Summer officially begins on June 21, and it’s the perfect time to take to the outdoors! Some of our our favorite outdoor games and activities can help children learn and grow across all areas of development!
Here are a few of our favorites:
- Chalk art: Drawing with chalk is a great way to foster imagination and creativity! Each child can use a square of sidewalk as a canvas for their artwork. Take a photo of each drawing for them to take home and display, like they would drawings on paper.
- Water painting: Keep the creativity alive, without the chalk, by painting outside with water. Fill bowls or buckets with water and take them outside. Give children paintbrushes in different sizes to dip in water and paint the sidewalk. No cleanup required!
- Hopscotch: This game helps children develop in a few different ways. First, as they draw the hopscotch board, they have to think about connecting the squares. When it’s time to play, hopscotch builds number recognition. Finally, hopping from square to square encourages muscle development and balance.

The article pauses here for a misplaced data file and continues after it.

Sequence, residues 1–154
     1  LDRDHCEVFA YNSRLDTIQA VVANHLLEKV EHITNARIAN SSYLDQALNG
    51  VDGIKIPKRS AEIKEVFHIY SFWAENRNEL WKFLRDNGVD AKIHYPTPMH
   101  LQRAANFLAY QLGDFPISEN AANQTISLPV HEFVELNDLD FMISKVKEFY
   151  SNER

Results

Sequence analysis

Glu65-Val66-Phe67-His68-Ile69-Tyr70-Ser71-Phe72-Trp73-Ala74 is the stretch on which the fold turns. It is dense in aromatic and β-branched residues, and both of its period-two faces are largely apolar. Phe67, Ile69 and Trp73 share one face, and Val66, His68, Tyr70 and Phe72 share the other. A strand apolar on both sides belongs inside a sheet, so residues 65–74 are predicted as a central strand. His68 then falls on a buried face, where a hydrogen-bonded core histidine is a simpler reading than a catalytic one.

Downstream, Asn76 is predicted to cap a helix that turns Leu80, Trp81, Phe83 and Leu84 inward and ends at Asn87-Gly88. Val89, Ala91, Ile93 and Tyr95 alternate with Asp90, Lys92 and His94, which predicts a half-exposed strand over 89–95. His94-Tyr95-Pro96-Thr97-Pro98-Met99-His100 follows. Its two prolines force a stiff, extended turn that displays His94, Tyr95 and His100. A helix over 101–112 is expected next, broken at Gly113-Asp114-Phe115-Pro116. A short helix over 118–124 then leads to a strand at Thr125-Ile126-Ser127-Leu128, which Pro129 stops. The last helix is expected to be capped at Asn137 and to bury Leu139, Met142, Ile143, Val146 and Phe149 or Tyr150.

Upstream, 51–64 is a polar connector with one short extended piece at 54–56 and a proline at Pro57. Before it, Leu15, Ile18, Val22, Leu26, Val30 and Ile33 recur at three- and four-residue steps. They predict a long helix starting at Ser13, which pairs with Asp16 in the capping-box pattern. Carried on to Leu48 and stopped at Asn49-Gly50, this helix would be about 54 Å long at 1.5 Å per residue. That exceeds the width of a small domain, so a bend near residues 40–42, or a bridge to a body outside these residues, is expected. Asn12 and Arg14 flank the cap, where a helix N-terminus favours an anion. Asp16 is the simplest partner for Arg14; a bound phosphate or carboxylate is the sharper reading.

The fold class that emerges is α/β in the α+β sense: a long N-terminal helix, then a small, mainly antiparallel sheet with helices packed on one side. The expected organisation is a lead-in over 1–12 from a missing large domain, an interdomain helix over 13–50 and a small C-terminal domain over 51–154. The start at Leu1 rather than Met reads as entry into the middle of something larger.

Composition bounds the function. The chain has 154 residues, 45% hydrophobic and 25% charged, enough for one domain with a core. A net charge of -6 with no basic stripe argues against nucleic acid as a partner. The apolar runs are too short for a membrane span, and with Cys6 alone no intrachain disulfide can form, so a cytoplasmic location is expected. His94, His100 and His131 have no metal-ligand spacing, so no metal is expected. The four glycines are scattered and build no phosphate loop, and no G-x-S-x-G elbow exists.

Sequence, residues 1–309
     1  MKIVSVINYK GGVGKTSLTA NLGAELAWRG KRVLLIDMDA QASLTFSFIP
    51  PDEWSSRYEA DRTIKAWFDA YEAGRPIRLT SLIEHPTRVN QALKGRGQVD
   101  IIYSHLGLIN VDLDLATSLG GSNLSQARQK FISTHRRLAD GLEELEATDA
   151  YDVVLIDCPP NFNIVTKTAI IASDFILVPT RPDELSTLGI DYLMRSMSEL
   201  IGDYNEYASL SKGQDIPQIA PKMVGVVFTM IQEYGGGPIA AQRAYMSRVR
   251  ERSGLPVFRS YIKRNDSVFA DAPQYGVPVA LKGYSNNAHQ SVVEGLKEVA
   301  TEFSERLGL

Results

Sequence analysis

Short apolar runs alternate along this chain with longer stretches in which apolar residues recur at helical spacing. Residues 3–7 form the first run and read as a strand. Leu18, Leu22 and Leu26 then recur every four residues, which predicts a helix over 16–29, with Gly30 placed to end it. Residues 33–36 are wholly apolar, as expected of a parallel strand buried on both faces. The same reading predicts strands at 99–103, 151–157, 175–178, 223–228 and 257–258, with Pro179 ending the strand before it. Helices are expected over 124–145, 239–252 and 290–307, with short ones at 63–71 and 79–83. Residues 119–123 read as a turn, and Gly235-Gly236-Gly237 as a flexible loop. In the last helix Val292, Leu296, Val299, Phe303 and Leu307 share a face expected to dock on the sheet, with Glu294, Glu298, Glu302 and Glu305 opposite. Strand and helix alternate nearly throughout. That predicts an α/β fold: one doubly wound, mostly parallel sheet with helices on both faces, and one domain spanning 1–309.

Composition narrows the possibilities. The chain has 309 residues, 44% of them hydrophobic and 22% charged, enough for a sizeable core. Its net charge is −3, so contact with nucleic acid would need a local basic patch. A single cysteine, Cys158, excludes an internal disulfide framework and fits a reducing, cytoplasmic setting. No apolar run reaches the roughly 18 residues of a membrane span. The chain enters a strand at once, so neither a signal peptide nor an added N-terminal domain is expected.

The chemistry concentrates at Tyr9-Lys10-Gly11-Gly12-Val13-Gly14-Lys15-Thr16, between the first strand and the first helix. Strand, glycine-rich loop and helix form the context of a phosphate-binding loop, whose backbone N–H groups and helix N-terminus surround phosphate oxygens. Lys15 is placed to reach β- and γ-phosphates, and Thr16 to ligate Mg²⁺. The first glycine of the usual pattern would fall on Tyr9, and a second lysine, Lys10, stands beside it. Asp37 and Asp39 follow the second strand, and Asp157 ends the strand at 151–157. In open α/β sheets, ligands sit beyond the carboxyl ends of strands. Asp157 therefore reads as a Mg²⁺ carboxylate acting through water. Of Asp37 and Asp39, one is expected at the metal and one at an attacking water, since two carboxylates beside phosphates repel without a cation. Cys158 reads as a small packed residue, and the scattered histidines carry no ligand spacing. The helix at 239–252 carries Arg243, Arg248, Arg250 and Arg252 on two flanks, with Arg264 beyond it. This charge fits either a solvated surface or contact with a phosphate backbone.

- Duck, Duck, Gray Duck: This game helps both motor and cognitive skills. Running around the circle boosts large muscle development, while tapping everyone on the head works on finer hand-eye coordination. Those seated in the circle have to watch the person who is “it,” and think about what he or she might say next.
- Gardening: Working in a garden stretches throughout the summer and into fall. Help children plant seeds or already started plants in the ground, and check on the garden every two to three days to water and measure the plants. Gardening helps build patience as a child waits for vegetables to arrive. Marking a plant’s progress in a notebook teaches math and measurement skills, and shows how plants grow over time. As the vegetables are ready, use them for snack time or send home to use at a family meal.
- Bubbles: Blowing bubbles is an opportunity for children to work on eye-hand coordination as they dip the bubble wand into the container. It also teaches cause and effect, as breath creates bubbles and bubbles pop when caught. Chasing bubbles through the yard encourages motor development. And it’s fun!